<hr height="1" noshade id="quote"></blockquote id="quote"></font id="quote">

    Give that man a GCSE in maths. He's right.

    A good one is to ask "After a snooker break, what's the probability that the snooker balls come to rest in exactly the same positions as before the break"?
  • <blockquote id="quote"><font size="1" face="Verdana, Arial, Helvetica" id="quote">quote:<hr height="1" noshade id="quote"><i>Originally posted by bones</i>



    what are the odds of tossing a coin and getting 10 heads in row,
    <hr height="1" noshade id="quote"></blockquote id="quote"></font id="quote">
    Those of you that think that the odds are 50/50: I'd love to meet you in a pub. Tell you what, I'll even give you double the "odds". If you can throw 10 heads in a row, I'll give you œ20. If you can't, you pay me œ10. [:D]

    I think that some of you must have read the OP's question as "If a coin has been tossed 9 times and come down as heads each time, what are the odds of the tenth throw being heads?"
    That would indeed be evens. But that wasn't the question, was it?

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  • Mister PaulMister Paul Posts: 719
    <blockquote id="quote"><font size="1" face="Verdana, Arial, Helvetica" id="quote">quote:<hr height="1" noshade id="quote"><i>Originally posted by natureboyz</i>

    <blockquote id="quote"><font size="1" face="Verdana, Arial, Helvetica" id="quote">quote:<hr height="1" noshade id="quote"><i>Originally posted by Mister Paul</i>

    C'mon Mildred. You could at least concede gracefully, rather than making yourself look more dense.

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    <hr height="1" noshade id="quote"></blockquote id="quote"></font id="quote">

    The fact that it is you who is the dense one conveniently escapes you attention DUMBO .
    <hr height="1" noshade id="quote"></blockquote id="quote"></font id="quote">

    Toss two coins. Toss the same coin twice. Same probabilities.

    Get it yet?

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  • natureboyznatureboyz Posts: 82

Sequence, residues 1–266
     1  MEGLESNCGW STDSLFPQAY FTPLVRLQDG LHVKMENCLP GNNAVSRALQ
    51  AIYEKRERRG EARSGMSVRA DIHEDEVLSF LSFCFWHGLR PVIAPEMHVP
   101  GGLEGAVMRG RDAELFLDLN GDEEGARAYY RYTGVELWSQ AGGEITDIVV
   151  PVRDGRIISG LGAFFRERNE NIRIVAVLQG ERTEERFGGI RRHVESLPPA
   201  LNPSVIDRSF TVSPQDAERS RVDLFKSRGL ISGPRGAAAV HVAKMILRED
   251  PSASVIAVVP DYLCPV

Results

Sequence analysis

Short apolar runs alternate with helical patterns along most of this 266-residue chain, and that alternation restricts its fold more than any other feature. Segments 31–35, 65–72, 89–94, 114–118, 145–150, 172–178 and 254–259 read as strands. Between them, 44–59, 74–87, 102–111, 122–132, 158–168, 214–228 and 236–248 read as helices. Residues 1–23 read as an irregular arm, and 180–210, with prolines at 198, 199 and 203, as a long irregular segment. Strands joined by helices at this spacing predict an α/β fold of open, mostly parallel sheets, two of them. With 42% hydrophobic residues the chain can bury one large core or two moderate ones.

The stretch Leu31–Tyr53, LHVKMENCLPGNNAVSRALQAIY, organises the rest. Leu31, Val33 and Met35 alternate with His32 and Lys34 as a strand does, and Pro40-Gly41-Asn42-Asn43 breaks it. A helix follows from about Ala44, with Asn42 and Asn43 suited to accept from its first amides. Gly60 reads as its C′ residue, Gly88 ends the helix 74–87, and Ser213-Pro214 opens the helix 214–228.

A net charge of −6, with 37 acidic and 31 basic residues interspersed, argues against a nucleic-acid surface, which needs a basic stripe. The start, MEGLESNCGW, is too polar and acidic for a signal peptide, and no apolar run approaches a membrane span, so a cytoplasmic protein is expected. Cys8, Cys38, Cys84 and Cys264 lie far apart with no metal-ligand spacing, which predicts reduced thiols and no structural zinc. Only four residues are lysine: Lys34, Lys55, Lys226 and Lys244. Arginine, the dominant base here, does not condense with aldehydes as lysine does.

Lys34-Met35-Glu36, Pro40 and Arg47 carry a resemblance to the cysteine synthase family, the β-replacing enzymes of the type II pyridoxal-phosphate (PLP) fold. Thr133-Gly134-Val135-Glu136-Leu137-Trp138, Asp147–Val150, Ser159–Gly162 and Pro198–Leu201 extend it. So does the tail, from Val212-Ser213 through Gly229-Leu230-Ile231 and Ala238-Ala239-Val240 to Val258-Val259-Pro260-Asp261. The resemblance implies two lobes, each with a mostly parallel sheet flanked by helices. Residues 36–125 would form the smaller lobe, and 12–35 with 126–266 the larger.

<blockquote id="quote"><font size="1" face="Verdana, Arial, Helvetica" id="quote">quote:<hr height="1" noshade id="quote"><i>Originally posted by nun</i>

    <blockquote id="quote"><font size="1" face="Verdana, Arial, Helvetica" id="quote">quote:<hr height="1" noshade id="quote"><i>Originally posted by pme</i>

    1 in 1024 by recockoning.

    The chance each time is one in two = 0.5. Then you have ten separate independent trials so the chance of all being heads is 0.5 to the power 10 = 1/1024.
    <hr height="1" noshade id="quote"></blockquote id="quote"></font id="quote">

    <b>Give that man a GCSE in maths. He's right.</b>

    A good one is to ask "After a snooker break, what's the probability that the snooker balls come to rest in exactly the same positions as before the break"?


    <hr height="1" noshade id="quote"></blockquote id="quote"></font id="quote">


    No, he isn't.
    Each of the two possible outcomes has equal probability no matter how many times the coin has been flipped previously and no matter what the result.
  • I have A level maths, oooohh!
  • natureboyznatureboyz Posts: 82
    <blockquote id="quote"><font size="1" face="Verdana, Arial, Helvetica" id="quote">quote:<hr height="1" noshade id="quote"><i>Originally posted by Mister Paul</i>

    <blockquote id="quote"><font size="1" face="Verdana, Arial, Helvetica" id="quote">quote:<hr height="1" noshade id="quote"><i>Originally posted by natureboyz</i>

    <blockquote id="quote"><font size="1" face="Verdana, Arial, Helvetica" id="quote">quote:<hr height="1" noshade id="quote"><i>Originally posted by Mister Paul</i>

    C'mon Mildred. You could at least concede gracefully, rather than making yourself look more dense.

    __________________________________________________________
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    <hr height="1" noshade id="quote"></blockquote id="quote"></font id="quote">

    The fact that it is you who is the dense one conveniently escapes you attention DUMBO .
    <hr height="1" noshade id="quote"></blockquote id="quote"></font id="quote">

    Toss two coins. Toss the same coin twice. Same probabilities.

    Get it yet?